vitaminwateryum

corporate swill
May 28, 2009
5,550
0
0
Florida
1. Sleeping Dogs: Taking cues from Arkham Asylum's combat system, Sleeping Dogs manages to reinvigorate the open world genre with beautiful visuals and gripping hand to hand combat.

2. The Walking Dead: One of the most compelling and emotionally gripping stories I've ever experienced in a game. It must be played.

3. Hotline Miami: I've seen it referred to as a "Top Down Fuck'em-Up" and that's probably the best way to describe it. Oh, and it has one of the best soundtracks in recent memory.

4. Spec-Ops: The Line: With a compelling story that turns the third person shooter genre on its head, Spec-Ops manages to craft an experience that will leave you a bit confused, if not wanting to go back and explore the game's story.

5. Dragons Dogma: After seeing the video of the player grabbing onto a gryphon and flying around on its back as he stabbed at it repeatedly, I knew I would love this game. After playing it, I love it even more.

6. XCOM: My first play through XCOM was one of the most chaotic nerve racking things I've done in a videogame all year. The character progression system gives you a real sense of personal investment in each of your squadmates as they gain in ranks.

7. FTL: Being a big fan of of the new "Sort of Roguelike" genre that's become popular, I went into FTL expecting to like it. I didn't expect to like it as much as I did. With its copious amounts of unlockables, FTL will leave you wanting more and more and more.

8. Binary Domain: Binary Domain contains a few of my favorite characters of the year. An interesting story and gunplay that gives you a real sense of progression makes this stand out.

9. Max Payne 3: Despite having issues with Max Payne's unskippable cutscenes, it offered up some of the most visceral shooting that I can think of in recent times.

10. Asura's Wrath: Asura's Wrath is a game that straddles the line between game and interactive movie. However, what it lacks in gameplay it more than makes up for with insane moments that leave you standing up with your fists raised above your head.
 

Zeona

Neo Member
Jan 23, 2009
125
0
0
1. XCOM: Enemy Unknown ; I do not even know where to begin my laudatio... or if I even want to get into specifics at all. Sometimes when a game is really good I start playing, lose track of time and all of a sudden I notice that it is already 3am and I have to rush to bed. The difference between most of those games and XCOM is that at that moment I consciously choose to skip sleep that night to continue playing. This is the first game in years that has that effect on me and as such it is my Game of 2012.

2. Borderlands 2 ; As a single-player experience I would probably rank it lower, but as a co-op experience it was immensely entertaining. The humor is hit and miss but with this years crop of games this is the one that made me laugh the most by a landslide. Borderlands is RPG-injected FPS and co-op done right, augmented by a nice dosage of humor. This grants it the #2 spot on my list.

3. The Walking Dead ; It is tense, at times shocking. It has great writing and fully utilizes the advantages that the episodic format offers. It tackles choice in a very interesting way: in other games you want more choice and more powerful choices while in The Walking Dead sometimes you would rather not have to decide the outcome of a situation at all. A great game that should not be missed.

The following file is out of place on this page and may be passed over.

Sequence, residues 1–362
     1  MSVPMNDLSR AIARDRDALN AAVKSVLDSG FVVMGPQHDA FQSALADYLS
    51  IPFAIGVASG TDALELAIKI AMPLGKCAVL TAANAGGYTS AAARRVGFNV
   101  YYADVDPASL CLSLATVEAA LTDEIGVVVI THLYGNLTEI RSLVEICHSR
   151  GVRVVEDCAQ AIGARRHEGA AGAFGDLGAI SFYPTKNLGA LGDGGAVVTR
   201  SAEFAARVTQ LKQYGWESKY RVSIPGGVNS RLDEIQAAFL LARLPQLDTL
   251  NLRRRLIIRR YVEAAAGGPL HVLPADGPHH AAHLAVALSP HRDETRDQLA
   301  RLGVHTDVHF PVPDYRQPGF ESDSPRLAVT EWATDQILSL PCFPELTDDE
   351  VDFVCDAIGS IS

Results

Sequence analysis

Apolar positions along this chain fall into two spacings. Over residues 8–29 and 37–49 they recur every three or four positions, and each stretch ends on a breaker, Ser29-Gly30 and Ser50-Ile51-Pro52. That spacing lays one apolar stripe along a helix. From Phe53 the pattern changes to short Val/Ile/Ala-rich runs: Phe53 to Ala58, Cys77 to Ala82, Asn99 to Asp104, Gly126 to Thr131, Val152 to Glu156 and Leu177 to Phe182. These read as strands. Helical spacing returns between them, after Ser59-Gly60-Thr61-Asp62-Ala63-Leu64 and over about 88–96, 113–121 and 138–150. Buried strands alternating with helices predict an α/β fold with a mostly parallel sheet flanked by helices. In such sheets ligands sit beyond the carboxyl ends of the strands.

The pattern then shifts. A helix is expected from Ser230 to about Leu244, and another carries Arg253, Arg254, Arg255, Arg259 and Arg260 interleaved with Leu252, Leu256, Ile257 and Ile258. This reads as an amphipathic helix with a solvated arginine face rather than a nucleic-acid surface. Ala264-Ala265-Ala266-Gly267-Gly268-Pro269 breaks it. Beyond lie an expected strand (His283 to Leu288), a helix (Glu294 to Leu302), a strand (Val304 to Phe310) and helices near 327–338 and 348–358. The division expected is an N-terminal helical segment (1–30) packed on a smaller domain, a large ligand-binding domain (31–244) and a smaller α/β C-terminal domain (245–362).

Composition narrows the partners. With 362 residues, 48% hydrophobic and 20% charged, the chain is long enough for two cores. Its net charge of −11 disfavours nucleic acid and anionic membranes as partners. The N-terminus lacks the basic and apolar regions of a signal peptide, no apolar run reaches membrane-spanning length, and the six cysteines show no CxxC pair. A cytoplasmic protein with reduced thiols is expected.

4. New Super Mario Bros. U ; I had not played a 2D Mario since SMW and, well, while it is "just" Mario that's enough to have a really great time. I also enjoyed the boost mode that let my girlfriend help me or kill me, depending on the situation.

5. Fez ; The perspective-shift is a neat puzzle-mechanic that builds upon a solid platforming foundation. I really enjoyed traversing the game world and unraveling its mysteries.

6. Mass Effect 3 ; This is the "The Return of the King" of my list. As an isolated title it would not be here, but in the context of ending the trilogy this is where it belongs. For me this game shines when you are concluding story arcs opened up by the 2 predecessors and getting the galaxy ready for the (anti-)climax. The highs in this game are really high for me, for example
Mordin's end, taking down a reaper on foot or the final rush on earth
. None of these would have worked without the previous entries in the series and that is fine, it is a trilogy after all. They answered most questions and even the explanation for
the humanoid reaper at the end of ME2
is bearable in the context of the overall story around the reapers and the harvest. The way they end the whole thing is inexcusable, the fetch-quests are shoehorned in like it's going out of style and the combat is pretty fun but nothing special. All things considered this is where it belongs on this list.

7. Spec Ops: The Line ; A really interesting game that offers a critical perspective onto its genre. Captain Walker's
slow descent into madness runs parallel to the deconstruction of the genre itself
and I am glad to have crossed the line with him.

8. Journey ; This game looks and sounds gorgeous and cannot receive enough technical awards. From the moment I started the "experience" I felt the warm grip of an aesthetically pleasing yet deeply intriguing world, so foreign and barren yet so welcoming and rich. From the desert to the
mountaintop
I had a great time and met fellow travelers along the way, some of them very helpful and social while others wanted to go their own way - all of them memorable.

9. Hotline Miami ; The violence, the pace, the visual style, the challenge, the soundtrack...oh god the soundtrack.